Jim Thorpe is often called “The Switzerland of America” due to its European-style architecture and mountain setting in the breathtaking Lehigh Gorge. Descending into the town via winding roads, you’ll come upon the opera house, Richardsonian federal buildings, Greek revival mansions, and small streets with little stone houses reminiscent of Dublin, Ireland.
Located at the gateway to the southwestern Pocono Mountains with a population of just over 4,000, Jim Thorpe is a bit of a picturesque time capsule; a hodgepodge of carefully preserved 19th-century architectural styles including Greek Revival, Romanesque, Federal, and Queen Anne. The community has built a stable economy based on the outside interest surrounding Jim Thorpe’s nostalgic ambiance. Think antique shops, little museums, historic trains, and architectural treasure hunting all in a day’s work.
Today the town is the heart of the East Coast’s cycling scene. It’s a terrific launching pad for your outdoor adventures, with many shops, restaurants, pubs, and live entertainment. There are plenty of places to stay – historic B&Bs, inns, and hotels are located in the heart of town.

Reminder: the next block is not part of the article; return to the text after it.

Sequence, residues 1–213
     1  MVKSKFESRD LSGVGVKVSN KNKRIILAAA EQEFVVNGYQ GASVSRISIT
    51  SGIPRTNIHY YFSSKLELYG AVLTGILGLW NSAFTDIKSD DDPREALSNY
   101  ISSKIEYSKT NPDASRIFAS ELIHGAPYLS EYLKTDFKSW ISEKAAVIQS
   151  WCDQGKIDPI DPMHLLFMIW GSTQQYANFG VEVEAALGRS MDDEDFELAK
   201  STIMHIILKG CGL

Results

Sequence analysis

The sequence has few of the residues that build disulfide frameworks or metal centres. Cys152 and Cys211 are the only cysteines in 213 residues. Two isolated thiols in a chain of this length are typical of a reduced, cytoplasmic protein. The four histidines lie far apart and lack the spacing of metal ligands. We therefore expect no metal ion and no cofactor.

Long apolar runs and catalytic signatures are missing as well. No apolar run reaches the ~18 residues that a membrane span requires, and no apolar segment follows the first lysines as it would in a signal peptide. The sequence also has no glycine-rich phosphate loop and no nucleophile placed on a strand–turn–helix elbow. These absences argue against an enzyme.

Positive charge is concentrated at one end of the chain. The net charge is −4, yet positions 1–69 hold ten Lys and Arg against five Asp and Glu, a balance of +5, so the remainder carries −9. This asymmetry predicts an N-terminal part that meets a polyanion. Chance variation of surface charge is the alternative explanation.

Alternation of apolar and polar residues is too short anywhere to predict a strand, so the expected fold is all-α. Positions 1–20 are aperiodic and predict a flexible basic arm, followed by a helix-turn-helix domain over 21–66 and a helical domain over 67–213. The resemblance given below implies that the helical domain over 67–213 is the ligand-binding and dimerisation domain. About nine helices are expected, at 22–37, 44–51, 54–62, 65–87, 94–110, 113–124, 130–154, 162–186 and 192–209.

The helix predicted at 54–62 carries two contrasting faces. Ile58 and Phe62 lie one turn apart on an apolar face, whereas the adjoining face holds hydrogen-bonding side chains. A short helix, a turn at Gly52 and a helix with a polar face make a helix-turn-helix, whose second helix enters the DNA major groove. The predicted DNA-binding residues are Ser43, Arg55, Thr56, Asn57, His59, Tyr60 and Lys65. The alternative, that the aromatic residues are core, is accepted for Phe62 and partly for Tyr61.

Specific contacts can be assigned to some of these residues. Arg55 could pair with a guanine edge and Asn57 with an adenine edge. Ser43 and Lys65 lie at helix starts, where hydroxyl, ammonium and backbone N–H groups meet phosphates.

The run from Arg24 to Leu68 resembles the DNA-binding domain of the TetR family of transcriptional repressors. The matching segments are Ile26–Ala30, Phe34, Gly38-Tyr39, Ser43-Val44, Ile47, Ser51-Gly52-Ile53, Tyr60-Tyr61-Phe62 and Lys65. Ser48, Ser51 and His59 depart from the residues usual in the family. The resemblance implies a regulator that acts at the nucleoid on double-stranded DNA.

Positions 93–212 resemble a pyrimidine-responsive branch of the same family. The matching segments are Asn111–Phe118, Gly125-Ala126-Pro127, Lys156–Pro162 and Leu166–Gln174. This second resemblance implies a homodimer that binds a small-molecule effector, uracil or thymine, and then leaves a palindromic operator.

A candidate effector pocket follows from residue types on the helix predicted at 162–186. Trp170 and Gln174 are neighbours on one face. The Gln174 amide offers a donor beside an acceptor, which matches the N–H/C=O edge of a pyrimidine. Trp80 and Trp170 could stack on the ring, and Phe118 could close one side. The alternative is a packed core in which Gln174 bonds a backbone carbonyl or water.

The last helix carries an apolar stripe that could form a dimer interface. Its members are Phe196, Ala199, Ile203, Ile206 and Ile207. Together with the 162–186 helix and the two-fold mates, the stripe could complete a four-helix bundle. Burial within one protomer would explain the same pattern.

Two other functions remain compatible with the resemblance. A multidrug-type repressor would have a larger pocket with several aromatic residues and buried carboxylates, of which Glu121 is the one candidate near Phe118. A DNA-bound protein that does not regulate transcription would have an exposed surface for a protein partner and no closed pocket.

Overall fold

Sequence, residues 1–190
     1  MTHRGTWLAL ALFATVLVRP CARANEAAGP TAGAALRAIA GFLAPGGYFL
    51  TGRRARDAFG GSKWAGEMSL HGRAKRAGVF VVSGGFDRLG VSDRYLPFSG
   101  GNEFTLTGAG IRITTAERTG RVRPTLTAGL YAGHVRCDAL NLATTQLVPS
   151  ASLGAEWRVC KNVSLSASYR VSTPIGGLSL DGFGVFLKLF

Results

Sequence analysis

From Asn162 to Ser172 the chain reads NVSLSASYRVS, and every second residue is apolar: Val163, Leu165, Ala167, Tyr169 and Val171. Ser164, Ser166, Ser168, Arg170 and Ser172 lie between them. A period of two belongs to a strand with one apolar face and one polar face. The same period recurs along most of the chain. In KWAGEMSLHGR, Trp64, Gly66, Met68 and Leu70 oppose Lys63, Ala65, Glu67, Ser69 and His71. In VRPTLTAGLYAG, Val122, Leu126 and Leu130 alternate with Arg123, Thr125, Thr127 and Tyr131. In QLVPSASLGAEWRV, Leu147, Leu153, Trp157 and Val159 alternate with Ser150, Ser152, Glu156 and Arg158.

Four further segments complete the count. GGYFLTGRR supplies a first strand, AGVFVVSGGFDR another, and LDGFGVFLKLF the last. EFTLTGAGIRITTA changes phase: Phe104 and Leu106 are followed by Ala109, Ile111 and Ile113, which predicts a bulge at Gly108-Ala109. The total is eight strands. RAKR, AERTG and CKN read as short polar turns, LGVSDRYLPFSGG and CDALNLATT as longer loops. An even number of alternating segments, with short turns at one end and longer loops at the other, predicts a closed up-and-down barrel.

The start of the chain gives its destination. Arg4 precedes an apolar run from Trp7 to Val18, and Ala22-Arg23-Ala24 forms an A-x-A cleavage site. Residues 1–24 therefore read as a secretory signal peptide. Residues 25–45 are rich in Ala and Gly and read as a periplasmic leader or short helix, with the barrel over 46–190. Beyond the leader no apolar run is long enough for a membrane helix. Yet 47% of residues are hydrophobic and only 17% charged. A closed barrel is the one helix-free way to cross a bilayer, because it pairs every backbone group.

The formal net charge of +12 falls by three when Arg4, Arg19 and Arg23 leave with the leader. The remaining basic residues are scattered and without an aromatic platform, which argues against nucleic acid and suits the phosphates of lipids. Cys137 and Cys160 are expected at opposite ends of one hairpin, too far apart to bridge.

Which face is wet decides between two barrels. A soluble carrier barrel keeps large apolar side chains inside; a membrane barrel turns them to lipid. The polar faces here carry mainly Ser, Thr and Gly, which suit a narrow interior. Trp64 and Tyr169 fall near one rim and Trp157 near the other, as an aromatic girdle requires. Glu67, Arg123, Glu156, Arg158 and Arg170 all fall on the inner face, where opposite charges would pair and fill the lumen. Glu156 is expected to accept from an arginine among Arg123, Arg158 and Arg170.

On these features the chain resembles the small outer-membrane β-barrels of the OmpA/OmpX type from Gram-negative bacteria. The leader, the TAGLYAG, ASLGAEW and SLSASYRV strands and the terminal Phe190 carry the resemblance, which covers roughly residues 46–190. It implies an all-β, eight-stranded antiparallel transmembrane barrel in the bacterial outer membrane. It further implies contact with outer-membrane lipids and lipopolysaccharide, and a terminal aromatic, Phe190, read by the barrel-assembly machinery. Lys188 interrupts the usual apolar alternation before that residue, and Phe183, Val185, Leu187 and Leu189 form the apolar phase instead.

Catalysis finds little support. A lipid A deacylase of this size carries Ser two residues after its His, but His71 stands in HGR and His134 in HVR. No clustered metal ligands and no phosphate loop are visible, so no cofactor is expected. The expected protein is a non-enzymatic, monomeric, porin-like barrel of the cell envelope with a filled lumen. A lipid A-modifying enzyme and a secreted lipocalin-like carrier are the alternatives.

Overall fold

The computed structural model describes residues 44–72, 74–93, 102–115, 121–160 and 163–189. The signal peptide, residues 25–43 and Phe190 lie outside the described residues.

What began as a coal mining town has transformed itself into a scenic spot along the Lehigh River near Lehigh Gorge State Park. The early 19th-century buildings hold boutiques and restaurants that fill with visitors in the summer and fall when festivals are aplenty.
When the town was founded in 1818, it was originally called Mauch Chunk, or “Bear Mountain” in the language of the native Munsee-Lenape tribe. The name was changed to Jim Thorpe in honor of the legendary Native American Olympic athlete whose body was buried here in 1954.
Mauch Chunk was made infamous by the 1876 trials of the Molly Maguires which resulted in the hanging of twenty Irish coal miners accused of murder by the ruthless mining companies desperate to crush the fight for better working conditions. Shot on location on the streets of Jim Thorpe, Martin Ritt’s 1970 feature “The Molly Maguires” immortalized the miners’ struggle.
Jim Thorpe is just a 90-minute drive from Philadelphia, 2 hours from NYC, 3 hours from Baltimore, and 40 minutes from the Lehigh Valley International Airport.